Sonja's Crockpot Chicken
(Haley note: Mine was on low from 7:30 am until 5pm)

We do a whole chicken in the crock pot ALL the kids love whole chicken and so I have developed a variety of methods. For crock potting...

A roasting chicken works better.

Cook the chicken on low, skin on. I like a spice rub of paprika, salt, pepper, cayenne, sometimes lemon juice....I think I followed a recipe once on All Recipes that was good but since I just make it up! Rub the spice on the inside and outside of the bird.

I sometimes put the bird on tinfoil balls if I want stuff to stay out of the fat, but it depends how full I am cramming the crockpot. It does help the veggies be less mushy. I ALWAYS put in potatoes and root veggies because I NEVER want to cook when I come home and the crock pot is on...but they get mushy, so make the pieces biggish and stick with root veggies. I find parsnip adds a lot of flavour, so I'd be tempted to try that.

Cook the chicken BREAST SIDE DOWN. This is from Deb on Smitten Kitchen. It means the juices flow through the bird into the dry breast meat. it makes a GIAGANTIC difference, creating a continually moist, succulent meat.

Finally, have all the stuff for chicken stock done when you're prepping the crock pot. Then you add the bones and make chicken noodle soup (again a la Deb in Smitten Kitchen for best results) and VOILA, another meal accomplished.

Enjoy!! If you like doing whole chicken, in the summer, you MUST try the Beer Ass Chicken. Amazing!

Tuesday, January 8, 2013

Working Women

There have been brief periods in my life where I've felt on top of things - nowadays my feelings of competency are directly correlated with the size of my laundry pile. When I put work into the mix, cooking, usually my procrastination method against housework, starts to feel like a chore. Rachel kick-started our new series last week. For the next month or two stay tuned to Reems Eats, we are hoping to get inspired again over weeknight cooking. We're in a rut, and want this to be an interactive series to help get us out. So, all you busy parents or career folk - we need tips and ideas to get us out of that 5 pm panic.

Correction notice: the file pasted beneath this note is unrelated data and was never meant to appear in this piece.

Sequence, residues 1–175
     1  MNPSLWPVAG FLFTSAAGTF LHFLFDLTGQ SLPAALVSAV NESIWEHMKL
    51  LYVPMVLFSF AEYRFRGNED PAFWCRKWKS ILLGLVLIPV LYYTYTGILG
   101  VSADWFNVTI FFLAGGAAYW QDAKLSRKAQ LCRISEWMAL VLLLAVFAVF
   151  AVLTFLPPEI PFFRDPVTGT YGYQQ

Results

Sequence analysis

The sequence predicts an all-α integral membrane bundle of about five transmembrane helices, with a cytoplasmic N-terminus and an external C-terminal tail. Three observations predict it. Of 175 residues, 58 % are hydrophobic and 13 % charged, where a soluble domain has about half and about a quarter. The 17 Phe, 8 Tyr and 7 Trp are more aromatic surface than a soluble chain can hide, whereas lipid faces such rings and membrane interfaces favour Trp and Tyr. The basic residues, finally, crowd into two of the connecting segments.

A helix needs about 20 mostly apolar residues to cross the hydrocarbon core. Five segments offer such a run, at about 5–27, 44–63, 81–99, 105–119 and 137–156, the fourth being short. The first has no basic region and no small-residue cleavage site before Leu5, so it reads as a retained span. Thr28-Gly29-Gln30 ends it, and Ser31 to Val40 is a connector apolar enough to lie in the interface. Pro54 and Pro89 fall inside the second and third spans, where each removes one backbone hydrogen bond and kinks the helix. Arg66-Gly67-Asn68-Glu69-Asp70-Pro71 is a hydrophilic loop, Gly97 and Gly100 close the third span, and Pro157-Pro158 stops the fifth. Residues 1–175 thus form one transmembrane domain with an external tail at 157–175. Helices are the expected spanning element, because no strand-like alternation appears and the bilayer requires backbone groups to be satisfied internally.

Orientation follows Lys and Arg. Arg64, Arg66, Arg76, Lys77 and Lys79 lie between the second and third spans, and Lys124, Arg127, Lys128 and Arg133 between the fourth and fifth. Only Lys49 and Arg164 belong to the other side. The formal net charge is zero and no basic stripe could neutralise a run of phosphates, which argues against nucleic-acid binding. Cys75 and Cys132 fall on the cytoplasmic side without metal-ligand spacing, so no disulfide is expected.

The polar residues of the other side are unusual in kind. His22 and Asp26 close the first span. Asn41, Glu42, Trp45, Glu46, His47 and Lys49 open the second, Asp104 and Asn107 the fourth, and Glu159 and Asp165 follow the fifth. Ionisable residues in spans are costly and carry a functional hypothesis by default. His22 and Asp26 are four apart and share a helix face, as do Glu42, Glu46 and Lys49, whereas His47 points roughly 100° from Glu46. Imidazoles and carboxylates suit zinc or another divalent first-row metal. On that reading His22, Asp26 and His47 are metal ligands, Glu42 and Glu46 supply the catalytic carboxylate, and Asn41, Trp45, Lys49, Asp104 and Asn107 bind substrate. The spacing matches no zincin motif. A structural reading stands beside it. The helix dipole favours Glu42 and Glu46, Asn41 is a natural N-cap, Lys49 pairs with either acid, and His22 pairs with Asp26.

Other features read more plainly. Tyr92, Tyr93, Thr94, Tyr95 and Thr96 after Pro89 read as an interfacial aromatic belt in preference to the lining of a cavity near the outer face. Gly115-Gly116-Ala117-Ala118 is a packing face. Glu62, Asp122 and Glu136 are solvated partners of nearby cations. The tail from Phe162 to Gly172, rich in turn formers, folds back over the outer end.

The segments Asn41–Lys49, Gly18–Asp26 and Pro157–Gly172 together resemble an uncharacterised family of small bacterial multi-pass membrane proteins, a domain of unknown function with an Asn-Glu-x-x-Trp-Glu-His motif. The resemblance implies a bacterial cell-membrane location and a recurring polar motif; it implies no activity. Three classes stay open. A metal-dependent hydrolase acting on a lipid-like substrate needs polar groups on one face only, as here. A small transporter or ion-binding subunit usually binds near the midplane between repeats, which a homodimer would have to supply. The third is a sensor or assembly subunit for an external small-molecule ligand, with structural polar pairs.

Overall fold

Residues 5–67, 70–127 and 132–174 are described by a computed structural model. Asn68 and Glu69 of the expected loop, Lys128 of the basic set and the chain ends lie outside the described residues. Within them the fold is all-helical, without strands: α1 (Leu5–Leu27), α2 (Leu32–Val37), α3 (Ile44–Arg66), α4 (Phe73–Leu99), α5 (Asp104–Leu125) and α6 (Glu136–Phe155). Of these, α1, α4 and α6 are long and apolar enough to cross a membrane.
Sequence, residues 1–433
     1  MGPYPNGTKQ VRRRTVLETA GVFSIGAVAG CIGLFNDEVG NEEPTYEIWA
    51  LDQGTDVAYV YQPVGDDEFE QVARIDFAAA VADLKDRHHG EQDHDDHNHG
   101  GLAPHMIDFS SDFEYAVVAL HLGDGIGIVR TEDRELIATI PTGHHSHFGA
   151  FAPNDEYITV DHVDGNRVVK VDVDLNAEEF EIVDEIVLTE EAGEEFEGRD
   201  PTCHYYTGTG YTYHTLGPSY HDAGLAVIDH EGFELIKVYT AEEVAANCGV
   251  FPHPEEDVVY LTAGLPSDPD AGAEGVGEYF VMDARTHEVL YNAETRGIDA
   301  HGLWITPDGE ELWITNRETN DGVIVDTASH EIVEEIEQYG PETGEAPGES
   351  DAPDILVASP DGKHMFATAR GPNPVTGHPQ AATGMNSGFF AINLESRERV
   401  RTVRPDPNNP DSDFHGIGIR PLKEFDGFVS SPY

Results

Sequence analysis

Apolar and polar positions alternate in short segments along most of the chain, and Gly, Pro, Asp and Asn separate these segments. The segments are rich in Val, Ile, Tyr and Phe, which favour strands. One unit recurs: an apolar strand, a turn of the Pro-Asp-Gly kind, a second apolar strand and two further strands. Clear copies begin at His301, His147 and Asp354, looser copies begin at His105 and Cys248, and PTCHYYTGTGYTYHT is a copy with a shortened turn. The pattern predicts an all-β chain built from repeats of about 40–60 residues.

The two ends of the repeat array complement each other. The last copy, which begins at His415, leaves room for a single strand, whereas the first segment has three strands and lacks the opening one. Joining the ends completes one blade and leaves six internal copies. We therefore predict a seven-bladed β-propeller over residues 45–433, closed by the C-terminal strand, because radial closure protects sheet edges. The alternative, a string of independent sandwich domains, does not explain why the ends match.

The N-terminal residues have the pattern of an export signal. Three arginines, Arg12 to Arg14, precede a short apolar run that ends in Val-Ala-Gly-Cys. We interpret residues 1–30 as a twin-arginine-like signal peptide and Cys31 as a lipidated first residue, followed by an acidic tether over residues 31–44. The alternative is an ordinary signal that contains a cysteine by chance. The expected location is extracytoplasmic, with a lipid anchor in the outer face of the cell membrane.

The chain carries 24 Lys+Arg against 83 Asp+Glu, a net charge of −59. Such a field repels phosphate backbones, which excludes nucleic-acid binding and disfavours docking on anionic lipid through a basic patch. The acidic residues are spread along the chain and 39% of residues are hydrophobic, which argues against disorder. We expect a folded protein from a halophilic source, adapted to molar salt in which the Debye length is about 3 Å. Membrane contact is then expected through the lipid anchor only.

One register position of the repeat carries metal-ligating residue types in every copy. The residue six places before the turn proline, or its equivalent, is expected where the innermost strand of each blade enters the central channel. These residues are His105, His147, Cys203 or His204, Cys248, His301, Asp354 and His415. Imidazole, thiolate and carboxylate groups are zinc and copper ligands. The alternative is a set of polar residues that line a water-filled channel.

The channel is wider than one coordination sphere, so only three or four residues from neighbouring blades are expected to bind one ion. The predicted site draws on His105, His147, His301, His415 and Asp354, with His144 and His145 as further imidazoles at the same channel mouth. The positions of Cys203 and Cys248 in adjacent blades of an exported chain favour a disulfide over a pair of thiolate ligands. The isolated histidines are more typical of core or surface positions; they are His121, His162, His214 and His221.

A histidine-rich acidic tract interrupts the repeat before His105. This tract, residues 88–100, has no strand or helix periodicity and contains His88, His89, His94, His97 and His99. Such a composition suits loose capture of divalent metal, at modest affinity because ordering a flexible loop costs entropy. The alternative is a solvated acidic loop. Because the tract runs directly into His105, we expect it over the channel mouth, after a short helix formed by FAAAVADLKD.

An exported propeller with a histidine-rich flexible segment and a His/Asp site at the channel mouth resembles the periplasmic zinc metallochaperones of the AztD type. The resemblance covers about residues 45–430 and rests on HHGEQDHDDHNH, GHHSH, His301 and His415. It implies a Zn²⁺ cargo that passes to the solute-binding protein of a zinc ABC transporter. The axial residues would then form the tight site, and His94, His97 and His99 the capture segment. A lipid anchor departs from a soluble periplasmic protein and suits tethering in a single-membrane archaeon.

Along with my tenth wedding anniversary this summer, this fall marks my tenth year as an occupational therapist. A decade of pausing at some point during the day - sometimes at my desk, admittedly occasionally during rounds, and frequently while standing in front of my open fridge at 5 pm and asking myself: "What's for dinner?" I've picked up some tricks and tips along the way and in the next few months am going to be sharing some things that work for me, along with the things that don't (monthly meal planning!).

So today I'm not posting a recipe but am looking for some advice, I'm thinking a few days ahead - to Friday, I'm going to be working and am wanting to cook a chicken in a crock pot. A whole chicken. I hear this can be done but need some advice: Do you leave the skin on? Low or high? Do I need to add liquid. Should I put it in veggies? Thanks - and stay tuned for the results.

Thursday, January 3, 2013

Getting Over Christmas

Technically, I don't go in big for Christmas presents. Example: staff Christmas party early December, at the optional (I thought mandatory) gift exchange, mine was the rumpled ten-times-used paper bag with a yellow star crayoned to its front. My bag threatened to disappear beneath the red bows and season-appropriate wrapping papers. No one was choosing my bag. It blended right into the beige carpet. I worried the others might mistake it for an old piece of tissue paper or an abused shopping bag or a child's crayon-drawing of a yellow star now discarded and forgotten. Not to worry. I pointed it out. I hollered, 'The white bag is a gift,' whenever a name was drawn from the Santa hat and the receiver crept toward the pile of presents in stockinged feet. It was almost as if they hoped I wouldn't notice their approach. No such luck. I'm on to stuff like that.

Turns out I must have missed the memo. The one instructing us to bring nice, thoughtful gifts priced at about fifteen dollars, which most of my generous coworkers translated into twenty or twenty-five. When I hear 'Gift Exchange' I get tunnel vision. Really, I'll forget about the whole deal until the day before, or in this case the day of, but when it's go time, my tunnel leads me right to the thrift store where you will find me elbow deep in just about everything, rooting for the perfect gift. And I feel I should mention, I passed on some good stuff this year, like a ceramic duck (slight discoloration), a tight-fitting army hat (duck tape inside), or the nearly-antique batman doll (fifteen bucks! rip off). Anyways, it wasn't until the final hour, at the final shop, in the most unlikely place, that I found my philosophers stone (so to speak). In the creepy-little Christmas room in the second-hand furniture store, tucked in amongst rubble, I found my gemstone: a two-hour video of the burning log! You know, the fake fireplace featured on Shaw cable year after year, where the only action occurs every half hour or so when a hand reaches in with a poker to adjust the logs.